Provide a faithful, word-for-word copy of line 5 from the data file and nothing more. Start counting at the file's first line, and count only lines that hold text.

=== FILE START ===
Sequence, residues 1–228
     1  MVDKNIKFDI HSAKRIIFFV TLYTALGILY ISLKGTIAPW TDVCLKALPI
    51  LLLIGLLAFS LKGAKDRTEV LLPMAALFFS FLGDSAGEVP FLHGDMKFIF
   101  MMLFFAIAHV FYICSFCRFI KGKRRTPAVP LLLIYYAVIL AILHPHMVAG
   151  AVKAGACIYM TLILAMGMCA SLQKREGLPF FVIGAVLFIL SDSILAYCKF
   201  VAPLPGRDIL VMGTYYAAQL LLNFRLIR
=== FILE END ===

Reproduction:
   151  AVKAGACIYM TLILAMGMCA SLQKREGLPF FVIGAVLFIL SDSILAYCKF